Cameron Douglas opens up about recovery and addiction

The Hollywood royal discusses his memoir “Long Way Home” and how the book helped him deal with his past.
5:40 | 10/23/19

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Transcript for Cameron Douglas opens up about recovery and addiction
So I think people assume when you come from a family of movie stars and there's a perception of money, and -- that life is just brilliant and people don't realize how hard it can be to come from a famous parent. So you were messing with drugs by age 13. By 25, you were injecting cocaine quite often in a day, three times an hour maybe. You caught up in selling drugs and spent seven years in prison for drug-related crimes. So why did you decide to write this now, and how did it get so gone so fast? Look, you know, in all fairness, I mean, there's millions of people all over the world that have, and were dealt a much more difficult hand than I was. Mm-hmm. It's not, like, you know, drug abuse and addiction is one of those issues that doesn't know any boundaries. It doesn't care if you are rich or if you are poor or what race you are or what political, you know, background you have. So, you know, this book, to me, was an effort to, one, make some sense out of my past. Yeah. And some of the decisions that I made, and, you know, I can't go back and change any of that, but what I can do is try to take some of those experiences and make them useful and helpful to people that are struggling and to families that are dealing with -- with loved ones that are struggling with addiction. Well, I think the book is going to be extremely helpful. It's wonderfully written. Thank you. It's brutal and it's honesty. One thing that struck me is you -- your dad told you and you were robbing people even at gunpoint. You were going on these wild police chases and got into brutal fights. Your dad said to you, I think you're going to overdose or someone is going to kill you or you are going to kill someone. How hard was that to hear from your own dad? Was that, like, a reality check? Well, I was -- I was so far outside of reality, but I mean even so, you know, my father's always someone that I have revered and loved tremendously. So even in that state of mind, that was heartbreaking. Yeah. But, you know, the reality is, is at a certain point no matter how much you love someone, there's only so much you can do. Yeah. And then you have to just kind of let nature take its course and then pray that individual is able to find their way. Yeah. Yeah. You talk about when you robbed people for adrenaline, and for bragging rights and you write at one point -- this hit me. You said, now I'm fully committed to my fully lifestyle. I carry a real gun. I have a purpose and a plan and a willingness, probably to fire the gun. Take us back. Help us understand your mindset. How close were you to actually pulling the the trigger? Well, that wasn't -- I don't know if I would say it was for bragging rights necessarily or adrenaline. What that was is really at the lowest point, and there were a lot of lows. So that was probably at my lowest point, and trying to find some sort of shred of anything that I could, you know, empower myself through, you know? And so that was just really, you know, lost. Truly lost. You were also selling at that point. Not at that point. That was -- At some point you got there, right? Excuse me? At some point you got to selling is drugs. Yes, I did. How do you go from being desperate in that moment, and you need to get that money? So that was -- I would say, you know, probably about a year or so I actually started selling drugs, but how that came about was I got hired to do a movie, and it was shooting in Ireland, and about two months before I started -- this is, you know, my luck, par for the course. About two months before I started the movie, I developed a heroin habit, and I got out there to Ireland, and ran out of heroin. I got extremely sick, and ended up getting fired and then, you know, my family was basically, like, listen. You have two options, you know, one, you can go check into an inpatient rehab, and I was living with a girlfriend at the time. They said, you can part ways with her and check into a rehab, or you're on your own, and, you know, I remember that phone call, and I was so ashamed about being fired from the movie, and I was really on the fence, but I think out of loyalty to this girlfriend who really had been sticking by me through a lot of pretty dark times, I chose the latter option and I was almost living on the street. I was, like, one little motel payment away from living on the street, and I went to plan "Z," and we all know where that ended up leading.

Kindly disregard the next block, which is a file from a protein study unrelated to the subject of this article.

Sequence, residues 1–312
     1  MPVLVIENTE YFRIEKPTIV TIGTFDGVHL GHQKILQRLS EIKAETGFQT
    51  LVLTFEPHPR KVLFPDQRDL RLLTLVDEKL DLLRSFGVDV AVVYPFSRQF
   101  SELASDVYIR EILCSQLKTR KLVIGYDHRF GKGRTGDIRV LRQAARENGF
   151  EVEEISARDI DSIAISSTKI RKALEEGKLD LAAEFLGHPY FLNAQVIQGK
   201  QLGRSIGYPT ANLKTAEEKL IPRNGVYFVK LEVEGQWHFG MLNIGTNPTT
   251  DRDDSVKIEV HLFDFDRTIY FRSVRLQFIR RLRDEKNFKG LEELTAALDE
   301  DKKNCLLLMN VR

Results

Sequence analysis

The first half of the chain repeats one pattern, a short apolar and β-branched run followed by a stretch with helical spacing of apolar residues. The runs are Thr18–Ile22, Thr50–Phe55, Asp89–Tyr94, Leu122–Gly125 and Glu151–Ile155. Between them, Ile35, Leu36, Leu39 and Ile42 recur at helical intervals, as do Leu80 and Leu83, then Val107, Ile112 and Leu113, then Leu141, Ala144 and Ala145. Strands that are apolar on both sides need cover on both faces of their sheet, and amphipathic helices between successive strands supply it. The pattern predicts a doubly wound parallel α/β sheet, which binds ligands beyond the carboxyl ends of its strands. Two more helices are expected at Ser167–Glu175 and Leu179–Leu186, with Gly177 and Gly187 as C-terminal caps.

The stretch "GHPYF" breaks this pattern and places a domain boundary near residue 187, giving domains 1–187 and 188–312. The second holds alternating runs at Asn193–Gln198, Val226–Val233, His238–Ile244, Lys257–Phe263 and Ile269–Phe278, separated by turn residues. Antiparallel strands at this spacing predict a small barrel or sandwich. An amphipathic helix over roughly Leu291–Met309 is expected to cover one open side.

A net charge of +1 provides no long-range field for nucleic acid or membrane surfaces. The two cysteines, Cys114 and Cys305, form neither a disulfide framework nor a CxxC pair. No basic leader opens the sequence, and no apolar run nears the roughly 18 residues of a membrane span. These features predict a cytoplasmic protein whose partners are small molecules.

This transcript has been automatically generated and may not be 100% accurate.

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